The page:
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Ice (The X-Files)

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The X-Files episode
Episode no. Season 1
Episode 8
Directed by David Nutter
Written by Glen Morgan
James Wong
Production code 1X07
Original air date November 5, 1993
Running time 45 minutes
Guest actors
Episode chronology
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List of The X-Files episodes

"Ice" is the eighth episode of the first season of the American science fiction television series The X-Files, which premiered on the Fox network on November 5, 1993. It was directed by David Nutter and written by Glen Morgan and James Wong. The debut broadcast of "Ice" was watched by 10.0 million viewers in 6.2 million households and received positive reviews from critics, who praised its tense atmosphere.

FBI special agents Fox Mulder (David Duchovny) and Dana Scully (Gillian Anderson) investigate the deaths of an Alaskan research team. Isolated and alone, the agents and their accompanying team discover the existence of extraterrestrial parasitic organisms that drive their hosts into impulsive fits of rage.

The episode was inspired by an article in Science News about an excavation in Greenland. Series creator Chris Carter has named the 1938 novella Who Goes There?, by John W. Campbell, as an additional inspiration for the storyline. "Ice" exceeded its production budget despite being conceived as an episode that would save money by being shot in a single location.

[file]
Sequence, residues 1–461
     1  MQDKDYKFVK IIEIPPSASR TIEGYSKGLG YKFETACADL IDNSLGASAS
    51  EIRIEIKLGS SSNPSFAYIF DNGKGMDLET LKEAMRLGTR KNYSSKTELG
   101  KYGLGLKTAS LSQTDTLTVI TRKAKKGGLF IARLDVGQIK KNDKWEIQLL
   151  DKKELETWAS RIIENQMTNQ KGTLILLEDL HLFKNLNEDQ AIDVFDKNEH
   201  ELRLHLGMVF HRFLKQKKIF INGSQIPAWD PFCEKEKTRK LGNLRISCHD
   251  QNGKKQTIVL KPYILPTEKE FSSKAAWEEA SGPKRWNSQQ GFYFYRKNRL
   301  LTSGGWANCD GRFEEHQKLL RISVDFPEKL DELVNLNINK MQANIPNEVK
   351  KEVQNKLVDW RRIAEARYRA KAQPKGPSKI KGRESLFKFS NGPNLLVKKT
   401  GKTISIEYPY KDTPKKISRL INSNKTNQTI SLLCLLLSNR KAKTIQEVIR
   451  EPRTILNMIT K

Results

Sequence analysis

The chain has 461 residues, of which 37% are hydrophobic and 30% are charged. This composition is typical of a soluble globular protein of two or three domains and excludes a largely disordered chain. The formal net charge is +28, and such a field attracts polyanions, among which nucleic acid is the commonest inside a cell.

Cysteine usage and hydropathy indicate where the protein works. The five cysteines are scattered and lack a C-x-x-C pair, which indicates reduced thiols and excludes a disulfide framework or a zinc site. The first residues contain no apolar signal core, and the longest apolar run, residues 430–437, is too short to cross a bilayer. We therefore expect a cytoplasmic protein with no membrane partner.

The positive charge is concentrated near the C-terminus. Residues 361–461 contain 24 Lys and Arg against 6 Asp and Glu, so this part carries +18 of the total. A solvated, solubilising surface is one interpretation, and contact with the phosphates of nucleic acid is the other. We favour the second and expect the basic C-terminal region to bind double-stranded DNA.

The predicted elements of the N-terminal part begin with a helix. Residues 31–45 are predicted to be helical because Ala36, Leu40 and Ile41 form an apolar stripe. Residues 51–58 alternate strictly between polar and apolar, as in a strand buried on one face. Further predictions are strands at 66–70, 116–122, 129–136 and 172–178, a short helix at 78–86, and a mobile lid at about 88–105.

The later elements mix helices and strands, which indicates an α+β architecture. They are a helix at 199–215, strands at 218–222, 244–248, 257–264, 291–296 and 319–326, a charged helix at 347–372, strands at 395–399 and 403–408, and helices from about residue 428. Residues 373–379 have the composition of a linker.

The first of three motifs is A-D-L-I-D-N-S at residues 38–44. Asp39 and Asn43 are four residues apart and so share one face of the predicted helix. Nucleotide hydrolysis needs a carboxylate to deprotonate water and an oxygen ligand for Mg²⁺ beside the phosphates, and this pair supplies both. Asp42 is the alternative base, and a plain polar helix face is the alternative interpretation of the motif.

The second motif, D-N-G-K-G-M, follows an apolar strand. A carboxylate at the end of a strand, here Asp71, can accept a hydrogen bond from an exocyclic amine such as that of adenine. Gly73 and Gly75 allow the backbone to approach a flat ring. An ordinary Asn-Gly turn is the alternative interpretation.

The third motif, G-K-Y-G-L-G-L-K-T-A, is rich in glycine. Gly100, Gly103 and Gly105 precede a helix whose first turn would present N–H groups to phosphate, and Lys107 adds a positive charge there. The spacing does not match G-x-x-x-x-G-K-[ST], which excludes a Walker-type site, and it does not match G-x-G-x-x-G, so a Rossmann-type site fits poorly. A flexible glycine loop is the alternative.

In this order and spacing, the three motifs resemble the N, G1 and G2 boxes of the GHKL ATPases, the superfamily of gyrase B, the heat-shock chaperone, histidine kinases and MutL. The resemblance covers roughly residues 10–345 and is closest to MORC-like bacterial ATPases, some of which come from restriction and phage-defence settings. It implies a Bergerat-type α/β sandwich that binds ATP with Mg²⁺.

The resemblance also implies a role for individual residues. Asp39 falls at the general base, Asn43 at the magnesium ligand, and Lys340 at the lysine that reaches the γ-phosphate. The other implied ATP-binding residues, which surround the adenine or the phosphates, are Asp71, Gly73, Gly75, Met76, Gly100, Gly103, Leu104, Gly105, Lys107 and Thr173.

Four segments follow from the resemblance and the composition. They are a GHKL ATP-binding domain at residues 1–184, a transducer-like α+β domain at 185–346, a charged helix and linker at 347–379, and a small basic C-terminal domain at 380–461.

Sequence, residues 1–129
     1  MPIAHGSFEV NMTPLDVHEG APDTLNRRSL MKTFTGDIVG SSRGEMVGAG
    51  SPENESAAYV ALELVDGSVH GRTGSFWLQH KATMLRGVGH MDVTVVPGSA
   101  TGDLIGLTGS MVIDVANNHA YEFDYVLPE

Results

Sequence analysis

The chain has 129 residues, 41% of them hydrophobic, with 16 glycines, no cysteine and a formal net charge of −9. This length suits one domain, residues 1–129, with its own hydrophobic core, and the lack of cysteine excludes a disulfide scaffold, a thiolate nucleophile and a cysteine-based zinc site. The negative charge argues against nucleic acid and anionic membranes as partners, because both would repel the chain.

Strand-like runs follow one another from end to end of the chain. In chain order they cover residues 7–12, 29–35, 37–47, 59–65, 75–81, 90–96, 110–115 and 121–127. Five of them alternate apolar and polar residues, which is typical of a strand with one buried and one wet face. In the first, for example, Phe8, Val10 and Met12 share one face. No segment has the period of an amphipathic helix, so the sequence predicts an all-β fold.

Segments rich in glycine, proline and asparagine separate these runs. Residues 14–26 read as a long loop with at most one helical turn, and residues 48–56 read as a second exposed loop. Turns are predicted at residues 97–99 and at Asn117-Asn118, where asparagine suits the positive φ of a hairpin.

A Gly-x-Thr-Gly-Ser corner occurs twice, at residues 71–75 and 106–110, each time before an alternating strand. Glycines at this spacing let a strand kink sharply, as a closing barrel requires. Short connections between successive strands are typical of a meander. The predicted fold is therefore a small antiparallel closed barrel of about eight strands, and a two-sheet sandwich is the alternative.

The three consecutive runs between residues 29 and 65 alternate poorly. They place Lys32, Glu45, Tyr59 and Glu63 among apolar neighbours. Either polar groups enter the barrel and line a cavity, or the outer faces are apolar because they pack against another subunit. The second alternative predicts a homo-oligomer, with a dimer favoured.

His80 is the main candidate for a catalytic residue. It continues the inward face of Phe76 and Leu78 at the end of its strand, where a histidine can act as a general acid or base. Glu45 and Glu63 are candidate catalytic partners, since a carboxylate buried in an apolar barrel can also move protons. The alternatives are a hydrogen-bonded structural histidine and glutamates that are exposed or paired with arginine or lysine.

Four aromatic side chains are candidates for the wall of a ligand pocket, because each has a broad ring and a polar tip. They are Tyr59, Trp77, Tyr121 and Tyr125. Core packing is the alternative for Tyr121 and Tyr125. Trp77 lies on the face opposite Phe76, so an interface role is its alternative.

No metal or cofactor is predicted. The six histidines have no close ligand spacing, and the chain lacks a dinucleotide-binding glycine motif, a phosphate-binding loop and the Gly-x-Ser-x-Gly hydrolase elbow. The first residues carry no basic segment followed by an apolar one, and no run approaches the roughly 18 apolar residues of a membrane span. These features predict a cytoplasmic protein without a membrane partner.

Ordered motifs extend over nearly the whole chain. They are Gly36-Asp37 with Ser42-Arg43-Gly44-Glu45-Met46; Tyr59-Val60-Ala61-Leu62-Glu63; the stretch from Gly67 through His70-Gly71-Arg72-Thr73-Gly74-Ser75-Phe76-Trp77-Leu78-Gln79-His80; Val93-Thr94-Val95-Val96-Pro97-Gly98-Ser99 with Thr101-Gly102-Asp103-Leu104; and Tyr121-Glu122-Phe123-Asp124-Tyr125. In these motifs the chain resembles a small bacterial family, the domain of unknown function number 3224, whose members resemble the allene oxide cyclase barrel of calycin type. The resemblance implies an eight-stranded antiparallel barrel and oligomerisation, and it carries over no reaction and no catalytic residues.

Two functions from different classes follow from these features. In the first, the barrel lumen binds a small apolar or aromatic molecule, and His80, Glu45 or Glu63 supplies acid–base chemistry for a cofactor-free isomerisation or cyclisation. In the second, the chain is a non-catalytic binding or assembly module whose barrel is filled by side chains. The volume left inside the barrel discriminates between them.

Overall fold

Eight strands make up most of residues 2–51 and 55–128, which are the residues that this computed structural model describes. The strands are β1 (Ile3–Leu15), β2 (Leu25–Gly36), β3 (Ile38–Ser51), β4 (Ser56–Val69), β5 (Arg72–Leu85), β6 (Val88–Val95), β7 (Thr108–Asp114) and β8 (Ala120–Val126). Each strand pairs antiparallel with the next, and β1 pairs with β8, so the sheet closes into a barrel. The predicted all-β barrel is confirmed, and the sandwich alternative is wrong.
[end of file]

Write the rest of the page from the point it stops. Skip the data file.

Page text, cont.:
A mass murder–suicide occurs among a team of geophysicists at an outpost in Icy Cape, Alaska. FBI special agents Fox Mulder (David Duchovny) and Dana Scully (Gillian Anderson) head for the outpost accompanied by physician Dr. Hodge (Xander Berkeley); toxicologist Dr. DaSilva (Felicity Huffman); geologist Dr. Murphy (Steve Hytner); and Bear (Jeff Kober), their pilot. Along with the bodies of the scientists, the group finds a dog that attacks Mulder and Bear. Scully notices black nodules on its skin and suspects that it may be infected with bubonic plague. She also notices movement underneath its skin. Bear, having been bitten by the dog as it attacked him, becomes ill and develops similar nodules on his body. Autopsies reveal no such nodules on the bodies of the scientists.

Murphy finds an ice core sample that is believed to originate from a meteor crater. He theorizes that the sample might be 250,000 years old. Bear insists on leaving, but the others are worried about infecting the outside world with a contagion. When asked for a stool sample, Bear attacks Mulder and tries to flee. Something moves underneath Bear's skin, and he dies when Hodge removes a small worm from the back of his neck. The group is left with no pilot, and they are told that an evacuation is impossible because of the weather.

The worm removed from Bear is kept in a jar. Another is recovered from one of the corpses. Mulder believes that the worms are extraterrestrial and wants them kept alive, although Scully feels that they should be destroyed to prevent infection. The group check each other for black nodules and find none, although Mulder reminds Scully that the nodules disappeared from the dog over time. When Mulder finds Murphy in the freezer with his throat slit, the others—including Scully—believe that he has become infected and killed Murphy. Mulder is locked in a store room.